Primavera, an Art Series
In this art series, Nigerian artist Sokari Douglas Camp, finds herself inspired by European painters William Blake, Botticelli, and Michelangelo. These works aim to signify beauty and hope. In “Atlas Flower Barrel,” Atlas, who traditionally carries the world, is carrying an oil barrel stuffed and spilling with flowers. “Green Leaf Barrel” is fashioned on William Blake’s “Urizen,” measuring the contents of a life-sized oil barrel, which has bright green shoots coming from it. Plants are coming out of the oil barrels, changing the context of this utility. The sculptures “Blind Love and Grace” and “Primavera” illustrate Botticelli’s famous painting in three dimensions. Her version of Flora has a variety of toy cars among her flowers and she has brown skin. Grace giving benediction and her cherub are at the forefront of the forest, which is created by stacking oil barrels to create a screen. Camp’s concern is the cost of oil on indigenous people, but it is also about the strength of these people, the heroism of children in “God’s children,” and the beauty of the three graces depicted in “Europe supported by Africa and America.” These works are inspired by Michelangelo and William Blake respectively.
Primavera, 2015, Steel, Toy cars, 201cm x 72cm x 162cm
Botticelli painted “Primavera.” Most people recognize the word as something to do with spring, without knowing all of the facts. I have approached this work intuitively. The idea of spring, flowers, so bright and colorful that they look like sweets, mixed with new toy cars, that my niece’s children play with. Materialism and a clash of the past and the present. My sculpture carries flowers and toy cars that she seems to be collecting or giving away.
When I look at Botticelli’s painting, the beautiful people, their fine clothes, wealth and fantasy becomes so compelling. Primavera (the sculpture) is a visual image with a twist.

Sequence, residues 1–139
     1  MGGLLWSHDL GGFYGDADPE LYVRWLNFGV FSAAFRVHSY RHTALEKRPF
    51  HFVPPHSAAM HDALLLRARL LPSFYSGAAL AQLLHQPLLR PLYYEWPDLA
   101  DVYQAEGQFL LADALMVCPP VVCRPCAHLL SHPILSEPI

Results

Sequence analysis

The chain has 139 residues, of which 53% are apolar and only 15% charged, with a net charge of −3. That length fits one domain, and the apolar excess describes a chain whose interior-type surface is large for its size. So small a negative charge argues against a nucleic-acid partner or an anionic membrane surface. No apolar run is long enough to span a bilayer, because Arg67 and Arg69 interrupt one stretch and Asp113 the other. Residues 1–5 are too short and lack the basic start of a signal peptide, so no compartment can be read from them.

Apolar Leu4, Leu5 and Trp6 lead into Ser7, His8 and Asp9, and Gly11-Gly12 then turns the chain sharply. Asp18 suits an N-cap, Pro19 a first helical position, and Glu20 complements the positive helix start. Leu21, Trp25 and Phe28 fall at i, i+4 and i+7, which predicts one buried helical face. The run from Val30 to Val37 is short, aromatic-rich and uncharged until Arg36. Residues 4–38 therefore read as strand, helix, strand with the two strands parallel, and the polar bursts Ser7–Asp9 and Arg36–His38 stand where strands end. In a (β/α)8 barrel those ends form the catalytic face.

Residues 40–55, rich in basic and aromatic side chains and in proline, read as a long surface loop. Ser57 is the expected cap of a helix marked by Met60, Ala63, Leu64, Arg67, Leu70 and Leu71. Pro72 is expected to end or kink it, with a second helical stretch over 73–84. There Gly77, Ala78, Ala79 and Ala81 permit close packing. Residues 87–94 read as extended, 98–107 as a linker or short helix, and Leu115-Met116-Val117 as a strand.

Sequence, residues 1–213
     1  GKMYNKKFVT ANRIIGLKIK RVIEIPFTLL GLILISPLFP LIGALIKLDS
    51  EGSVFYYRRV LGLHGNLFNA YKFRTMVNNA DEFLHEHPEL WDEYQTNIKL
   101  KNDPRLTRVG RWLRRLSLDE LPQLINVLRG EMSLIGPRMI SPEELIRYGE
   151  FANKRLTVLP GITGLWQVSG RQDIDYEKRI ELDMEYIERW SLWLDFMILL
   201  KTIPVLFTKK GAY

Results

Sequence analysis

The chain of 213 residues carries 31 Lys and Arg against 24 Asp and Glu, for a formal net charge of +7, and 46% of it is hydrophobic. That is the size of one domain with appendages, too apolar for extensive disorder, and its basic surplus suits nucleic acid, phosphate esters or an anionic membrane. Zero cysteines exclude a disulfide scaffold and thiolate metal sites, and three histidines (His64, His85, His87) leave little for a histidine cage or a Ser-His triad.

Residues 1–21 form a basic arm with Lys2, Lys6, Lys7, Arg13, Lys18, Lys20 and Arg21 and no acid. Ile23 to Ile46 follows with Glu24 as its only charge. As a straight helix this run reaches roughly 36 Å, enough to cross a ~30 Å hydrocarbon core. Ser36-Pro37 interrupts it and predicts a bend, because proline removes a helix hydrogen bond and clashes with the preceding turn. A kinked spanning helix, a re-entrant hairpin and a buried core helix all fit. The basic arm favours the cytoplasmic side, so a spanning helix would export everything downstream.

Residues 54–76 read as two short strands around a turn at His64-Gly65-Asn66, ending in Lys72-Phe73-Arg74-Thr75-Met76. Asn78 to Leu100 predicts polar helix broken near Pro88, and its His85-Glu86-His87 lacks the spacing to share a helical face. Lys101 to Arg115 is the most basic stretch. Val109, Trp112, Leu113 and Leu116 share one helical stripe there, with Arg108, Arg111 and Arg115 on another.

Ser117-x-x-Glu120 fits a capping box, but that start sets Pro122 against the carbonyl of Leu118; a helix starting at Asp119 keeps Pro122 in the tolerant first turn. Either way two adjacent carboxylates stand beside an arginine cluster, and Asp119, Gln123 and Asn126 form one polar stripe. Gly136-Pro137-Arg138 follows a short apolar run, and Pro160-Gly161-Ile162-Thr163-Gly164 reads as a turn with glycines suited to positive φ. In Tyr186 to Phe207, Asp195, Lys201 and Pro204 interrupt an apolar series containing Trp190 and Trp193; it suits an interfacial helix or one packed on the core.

Blind Love and Grace, 2016, Steel, oil barrels, aluminium, gold, and copper leaf, acrylic paint, 278cm x 203cm x 135cm
The reinterpretation of a section of Botticelli’s painting. Created with oil barrels, cut in half then and opening up revealing Grace. A figure dressed in lace and a red shawl, looking like a West African lady but with the style of a renaissance figure.
The barrels are broken into branches that fan out to create an environment a forest and light behind the figure of Grace. She holds up her hand as if blessing or giving benediction to the viewer. Banana trees balance the stage either side of her and a fat cherub pointing his arrow in readiness to pierce someone’s heart flies above. Everything is made of steel but they all seem light.
Green Leaf Barrel, 2014, Steel, Perspex, oil barrel, 190cm x 163cm x 143cm
William Blake has a drawing of a figure that looks as if it is creating the world; Urizen. Far from Blake, but not so far. My God is a woman. She is creating growth from a split oil barrel. Her lower half is covered by smurf pattern.
Europe Supported by Africa and America, 2015, Steel Abalone, Gold and Copper leaf and Petrol Nozzles, 200cm x 84cm x 97cm
This piece was inspired by a drawing by William Blake with the same title. I have Africanized the figures; dressing them in cloth that could come from different parts of the world; Asia a paisley motived fabric, then a Mondrian pattern that looks like sleek building blocks to represent Europe and a woven cloth with an Igbo pattern for Africa. The women have gele head ties (this fabric is produced in Switzerland). The three graces represent women in the world resting on their laurels as humankind is holding a wreath which ends with a petrol nozzles; their back drop is mountains and they stand gracefully on a cushion of lush grass and flowers. I really enjoyed working with Blake’s sketch making sure the figures stood and touched as they do in his drawing. I think the work is international and conscious of our humanity and the coercion in working with each other and not caring for the environment.
Sokari Douglas Camp was born in Buguma, Rivers State, Nigeria. She studied fine arts at Central School of Art and Design and the Royal College of Art. Sokari has represented Britain and Nigeria in National exhibitions and has had more than 40 solo shows worldwide. In venues such as National Museum of African Art, Smithsonian Institute 1988-89, the Museum of Mankind, London 1994/5. Her work is in permanent collections at The Smithsonian Museum, Washington, D.C., Setagaya Museum, Tokyo and the British Museum, London. In 2005 she was awarded a CBE in recognition of her services to art. In 2012 All the World is Now Richer, a memorial to commemorate the abolition of slavery was exhibited in The House of Commons. The sculpture was exhibited in St Paul’s Cathedral, London, 2014.
Published on March 1, 2018.